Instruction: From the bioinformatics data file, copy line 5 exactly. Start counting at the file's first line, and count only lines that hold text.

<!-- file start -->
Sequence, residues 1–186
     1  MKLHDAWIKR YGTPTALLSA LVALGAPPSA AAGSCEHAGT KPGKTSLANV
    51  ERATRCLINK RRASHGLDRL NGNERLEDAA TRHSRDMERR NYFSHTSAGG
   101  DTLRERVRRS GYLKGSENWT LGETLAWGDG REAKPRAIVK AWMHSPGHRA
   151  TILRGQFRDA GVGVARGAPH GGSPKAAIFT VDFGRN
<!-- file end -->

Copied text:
   151  TILRGQFRDA GVGVARGAPH GGSPKAAIFT VDFGRN